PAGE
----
High Iron Levels (Iron Overload):
When iron levels in the body are excessively high, it is known as iron overload or hemochromatosis. This can occur due to conditions such as hereditary hemochromatosis, multiple blood transfusions, or excessive iron supplementation.
Health problems associated with iron overload include:
- Organ Damage: Excess iron can accumulate in organs such as the liver, heart, and pancreas, leading to organ damage and dysfunction.
- Diabetes: Iron overload has been linked to an increased risk of developing diabetes.
- Joint Pain: Iron deposition in the joints can cause pain and stiffness.
- Fatigue: High iron levels can contribute to fatigue and weakness.
To improve iron levels in cases of iron overload, treatment involves therapeutic phlebotomy (removal of blood) to reduce iron stores. It is essential to consult a healthcare professional for proper management.
Low Iron Levels (Iron Deficiency):
Iron deficiency occurs when there is insufficient iron in the body to meet its needs. Common causes include inadequate dietary intake, poor absorption, increased iron requirements (e.g., during pregnancy or growth spurts), or chronic blood loss (e.g., from heavy menstrual periods or gastrointestinal bleeding).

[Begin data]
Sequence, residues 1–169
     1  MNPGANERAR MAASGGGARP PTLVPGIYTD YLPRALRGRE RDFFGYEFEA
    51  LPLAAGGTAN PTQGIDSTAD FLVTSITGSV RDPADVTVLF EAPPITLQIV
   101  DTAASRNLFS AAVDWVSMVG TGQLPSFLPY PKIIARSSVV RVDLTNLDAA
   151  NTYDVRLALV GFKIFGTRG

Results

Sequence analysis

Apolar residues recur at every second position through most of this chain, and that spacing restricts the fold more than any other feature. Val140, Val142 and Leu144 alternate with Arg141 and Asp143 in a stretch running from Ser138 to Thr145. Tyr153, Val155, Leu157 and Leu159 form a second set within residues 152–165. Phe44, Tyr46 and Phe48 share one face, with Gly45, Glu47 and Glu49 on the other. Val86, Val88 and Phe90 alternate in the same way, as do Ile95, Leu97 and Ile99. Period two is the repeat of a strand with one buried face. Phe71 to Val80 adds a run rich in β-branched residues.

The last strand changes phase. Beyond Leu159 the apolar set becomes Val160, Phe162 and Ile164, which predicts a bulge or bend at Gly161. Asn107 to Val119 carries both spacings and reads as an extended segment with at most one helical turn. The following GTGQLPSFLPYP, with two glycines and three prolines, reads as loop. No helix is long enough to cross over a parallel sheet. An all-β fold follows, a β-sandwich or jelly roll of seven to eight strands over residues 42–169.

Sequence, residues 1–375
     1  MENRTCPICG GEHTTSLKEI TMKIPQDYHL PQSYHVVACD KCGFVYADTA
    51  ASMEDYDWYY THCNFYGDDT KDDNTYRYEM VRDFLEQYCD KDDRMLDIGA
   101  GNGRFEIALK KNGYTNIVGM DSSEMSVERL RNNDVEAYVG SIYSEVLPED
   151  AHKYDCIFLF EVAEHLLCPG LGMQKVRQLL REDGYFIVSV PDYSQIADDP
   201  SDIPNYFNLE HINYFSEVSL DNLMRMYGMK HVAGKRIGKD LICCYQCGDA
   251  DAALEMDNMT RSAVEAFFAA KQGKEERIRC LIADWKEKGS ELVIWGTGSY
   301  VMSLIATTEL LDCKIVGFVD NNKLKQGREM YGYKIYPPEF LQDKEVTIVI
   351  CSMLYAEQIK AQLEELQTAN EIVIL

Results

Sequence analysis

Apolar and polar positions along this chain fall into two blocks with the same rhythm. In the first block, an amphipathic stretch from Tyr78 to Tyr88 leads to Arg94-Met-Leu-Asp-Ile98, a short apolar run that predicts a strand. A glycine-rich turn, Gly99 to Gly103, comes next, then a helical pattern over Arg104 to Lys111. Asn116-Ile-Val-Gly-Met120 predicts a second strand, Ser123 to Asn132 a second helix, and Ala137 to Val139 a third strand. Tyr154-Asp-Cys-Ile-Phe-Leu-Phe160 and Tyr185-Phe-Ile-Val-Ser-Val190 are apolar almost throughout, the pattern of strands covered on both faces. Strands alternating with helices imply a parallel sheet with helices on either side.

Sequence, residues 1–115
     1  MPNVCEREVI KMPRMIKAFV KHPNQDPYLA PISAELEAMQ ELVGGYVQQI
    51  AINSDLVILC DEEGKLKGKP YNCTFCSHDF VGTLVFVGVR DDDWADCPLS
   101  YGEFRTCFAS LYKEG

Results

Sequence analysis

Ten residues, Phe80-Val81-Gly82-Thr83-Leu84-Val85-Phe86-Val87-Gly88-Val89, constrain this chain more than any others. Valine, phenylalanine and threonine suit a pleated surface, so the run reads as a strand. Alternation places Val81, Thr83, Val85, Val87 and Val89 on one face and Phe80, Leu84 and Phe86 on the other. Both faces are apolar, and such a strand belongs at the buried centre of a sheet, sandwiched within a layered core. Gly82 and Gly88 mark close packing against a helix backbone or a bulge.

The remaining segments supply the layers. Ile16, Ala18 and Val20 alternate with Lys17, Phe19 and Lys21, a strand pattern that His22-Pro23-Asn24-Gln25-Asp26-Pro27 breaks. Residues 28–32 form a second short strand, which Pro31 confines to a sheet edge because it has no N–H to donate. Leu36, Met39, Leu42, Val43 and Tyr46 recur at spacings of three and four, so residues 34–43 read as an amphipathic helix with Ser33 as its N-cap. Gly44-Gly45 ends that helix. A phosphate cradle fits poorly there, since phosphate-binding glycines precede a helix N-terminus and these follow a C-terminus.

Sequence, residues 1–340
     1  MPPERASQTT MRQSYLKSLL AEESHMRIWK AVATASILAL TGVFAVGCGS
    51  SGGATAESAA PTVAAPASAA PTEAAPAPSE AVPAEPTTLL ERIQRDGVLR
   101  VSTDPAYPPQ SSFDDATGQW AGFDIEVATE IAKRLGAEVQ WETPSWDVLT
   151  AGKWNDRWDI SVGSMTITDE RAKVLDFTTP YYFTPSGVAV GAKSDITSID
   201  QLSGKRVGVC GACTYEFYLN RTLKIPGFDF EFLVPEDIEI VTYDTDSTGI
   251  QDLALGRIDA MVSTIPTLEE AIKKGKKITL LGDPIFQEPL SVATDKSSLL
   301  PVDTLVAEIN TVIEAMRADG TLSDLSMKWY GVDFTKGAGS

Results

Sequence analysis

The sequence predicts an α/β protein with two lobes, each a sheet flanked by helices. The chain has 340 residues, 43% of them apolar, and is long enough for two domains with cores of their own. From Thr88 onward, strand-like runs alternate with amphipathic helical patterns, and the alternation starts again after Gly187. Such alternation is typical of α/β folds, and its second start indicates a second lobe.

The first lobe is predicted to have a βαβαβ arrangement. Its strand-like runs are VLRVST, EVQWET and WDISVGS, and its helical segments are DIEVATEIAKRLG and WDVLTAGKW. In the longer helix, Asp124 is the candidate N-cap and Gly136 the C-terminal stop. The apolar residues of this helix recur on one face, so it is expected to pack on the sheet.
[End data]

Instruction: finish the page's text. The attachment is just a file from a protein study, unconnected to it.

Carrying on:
Health problems associated with iron deficiency include:
-Anemia: Iron deficiency anemia is characterized by decreased red blood cell production, leading to fatigue, weakness, pale skin, shortness of breath, and impaired cognitive function.
- Impaired Immune Function: Low iron levels can weaken the immune system, making individuals more susceptible to infections.
-Impaired Growth and Development: Iron deficiency during childhood can negatively impact growth and cognitive development.
Natural Ways To improve iron levels in cases of iron deficiency, solutions include:
-Iron-Rich Diet: Consuming foods rich in iron, such as lean meats, poultry, fish, legumes, dark leafy greens, and fortified cereals.
-Iron Supplements: Healthcare professionals may prescribe iron supplements, such as ferrous sulfate, ferrous fumarate, or ferrous gluconate, to help replenish iron stores.